Pipeline giant Energy Transfer Partners (NYSE: ETP) recently reported its best quarter in years. Earnings and cash flow soared, enabling the company to comfortably cover its 12.4%-yielding distribution even after factoring out the extra support received from its parent, Energy Transfer Equity (NYSE: ETE). In addition to that, its CFO noted several vital steps the company took toward improving its financial situation on the accompanying conference call. That said, as important as those remarks were, the master limited partnership's (MLP) CEO said something even more fascinating during the question and answer part of that call that could have significant future implications.
We'd love to accelerate, but there's just one catch
On the call, an analyst noted that there had been discussions previously about a potential transaction between Energy Transfer Partners and Energy Transfer Equity that would eliminate the costly management fees. Driving that recurring question is the fact that several rivals have completed similar transactions over the past few years. For example, in 2016, Targa Resources (NYSE: TRGP) acquired its MLP in a deal that eliminated the costly management fees and simplified its structure. Last year, meanwhile, Williams Companies (NYSE: WMB) eliminated the management fees of its MLP in exchange for more units in a transaction that simplified its structure and enhanced its credit profile. Finally, earlier this year, MLP NuStar Energy (NYSE: NS) agreed to acquire its parent in a deal that will result in the cancellation of the management fees.
The analyst noted that on previous calls, Energy Transfer "talked about doing [a similar transaction] in 2019." However, given the company's recent progress in shoring up its financial situation, the analyst asked, "could this be potentially accelerated?"
Co-founder and CEO Kelcy Warren took this one, saying:
In other words, as much as Energy Transfer would love to follow its peers in completing a simplification transaction, it can't right now because doing so might result in a credit rating downgrade to a non-investment grade level. The company can't risk that since it would increase its borrowing costs at a time when it needs access to cheap debt to finance its massive slate of expansion projects.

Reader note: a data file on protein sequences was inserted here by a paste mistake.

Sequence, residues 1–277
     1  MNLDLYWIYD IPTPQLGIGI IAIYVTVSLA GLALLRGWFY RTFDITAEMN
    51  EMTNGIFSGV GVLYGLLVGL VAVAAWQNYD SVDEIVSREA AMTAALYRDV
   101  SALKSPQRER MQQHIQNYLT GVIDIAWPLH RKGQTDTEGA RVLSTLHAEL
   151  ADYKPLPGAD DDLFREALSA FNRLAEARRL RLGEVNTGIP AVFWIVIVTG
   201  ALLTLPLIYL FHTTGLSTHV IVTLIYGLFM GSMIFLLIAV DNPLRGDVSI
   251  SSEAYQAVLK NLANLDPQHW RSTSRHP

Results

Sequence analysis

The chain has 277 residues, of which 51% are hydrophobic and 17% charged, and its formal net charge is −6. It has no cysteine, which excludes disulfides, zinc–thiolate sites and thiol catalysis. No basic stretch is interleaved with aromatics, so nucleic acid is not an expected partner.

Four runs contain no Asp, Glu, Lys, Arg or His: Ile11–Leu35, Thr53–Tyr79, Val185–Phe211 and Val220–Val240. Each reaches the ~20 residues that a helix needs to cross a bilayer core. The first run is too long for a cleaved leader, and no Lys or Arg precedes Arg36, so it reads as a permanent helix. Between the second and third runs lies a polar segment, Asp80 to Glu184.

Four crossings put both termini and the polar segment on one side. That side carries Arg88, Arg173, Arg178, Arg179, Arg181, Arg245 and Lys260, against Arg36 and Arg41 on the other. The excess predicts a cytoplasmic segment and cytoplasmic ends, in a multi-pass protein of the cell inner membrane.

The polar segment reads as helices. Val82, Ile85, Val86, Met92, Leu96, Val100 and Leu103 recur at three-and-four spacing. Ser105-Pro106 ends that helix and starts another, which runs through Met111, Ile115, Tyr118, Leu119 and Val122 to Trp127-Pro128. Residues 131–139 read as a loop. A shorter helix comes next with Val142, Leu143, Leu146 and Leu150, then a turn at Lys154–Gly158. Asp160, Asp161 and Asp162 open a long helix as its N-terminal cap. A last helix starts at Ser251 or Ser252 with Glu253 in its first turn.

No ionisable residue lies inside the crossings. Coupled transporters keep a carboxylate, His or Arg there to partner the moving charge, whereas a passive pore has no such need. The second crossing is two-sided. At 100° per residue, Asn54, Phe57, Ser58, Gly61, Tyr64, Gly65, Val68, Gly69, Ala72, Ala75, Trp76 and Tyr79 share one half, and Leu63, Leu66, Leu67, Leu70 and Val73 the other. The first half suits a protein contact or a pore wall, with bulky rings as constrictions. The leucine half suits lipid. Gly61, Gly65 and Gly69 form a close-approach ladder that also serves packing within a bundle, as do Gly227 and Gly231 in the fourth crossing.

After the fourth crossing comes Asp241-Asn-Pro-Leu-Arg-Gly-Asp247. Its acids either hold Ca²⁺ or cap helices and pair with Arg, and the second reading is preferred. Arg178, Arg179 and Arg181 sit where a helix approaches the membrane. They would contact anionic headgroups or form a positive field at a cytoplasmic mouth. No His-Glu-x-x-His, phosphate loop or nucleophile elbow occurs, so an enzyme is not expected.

We're intrigued by this idea
In addition to that question on timing, the same analyst noted that the nation's largest natural gas driller, EQT Corp (NYSE: EQT), recently announced some interesting news relating to its midstream assets. The analyst pointed out that EQT said it would "spin off their midstream into a C-Corp with the MLPs remaining below at least for now." In other words, EQT will take the units it currently holds in MLPs EQT Midstream (NYSE: EQM) and EQT GP Holdings (NYSE: EQGP) and put them into a new C-Corp that it will spin off to investors. However, the rest of the units in those two MLPs would remain publicly traded. Given that recent development, the analyst wanted to know if "that's a structure that perhaps you might examine in the future?"
CEO Kelcy Warren addressed this one as well:
I think it's fascinating that the company is interested in adding a C-Corp structure to its family. While it failed in its first attempt when the Williams deal fell through, several of its rivals have chosen that structure to drive growth. For example, Targa Resources combined its entire franchise into a C-Corp, while Williams decided to continue using both a C-Corp and an MLP. Meanwhile, in EQT's case, it sees the C-Corp structure providing it with improved capital market access and flexibility in pursuing mergers and acquisitions since it can make deals using the stock of its C-Corp or units of its MLP EQT Midstream depending on the entity it's looking to acquire. The intriguing potential to add another currency could increase Energy Transfer's flexibility and potentially bolster its long-term growth prospects and financial profile.
This one is going to require a healthy dose of patience
Energy Transfer Partners' CEO made it clear on the call that his company plans to address its complex corporate structure in the next two years, which could include the interesting idea of rolling out a new C-Corp. That said, the credit rating agencies have tied the company's hands for now, which means investors need to be patient while it continues shoring up its financial situation. However, at the right time, the company expects to announce a transaction that should help unlock the value of its assets, which could drive its valuation higher and pull its yield out of the double-digits.
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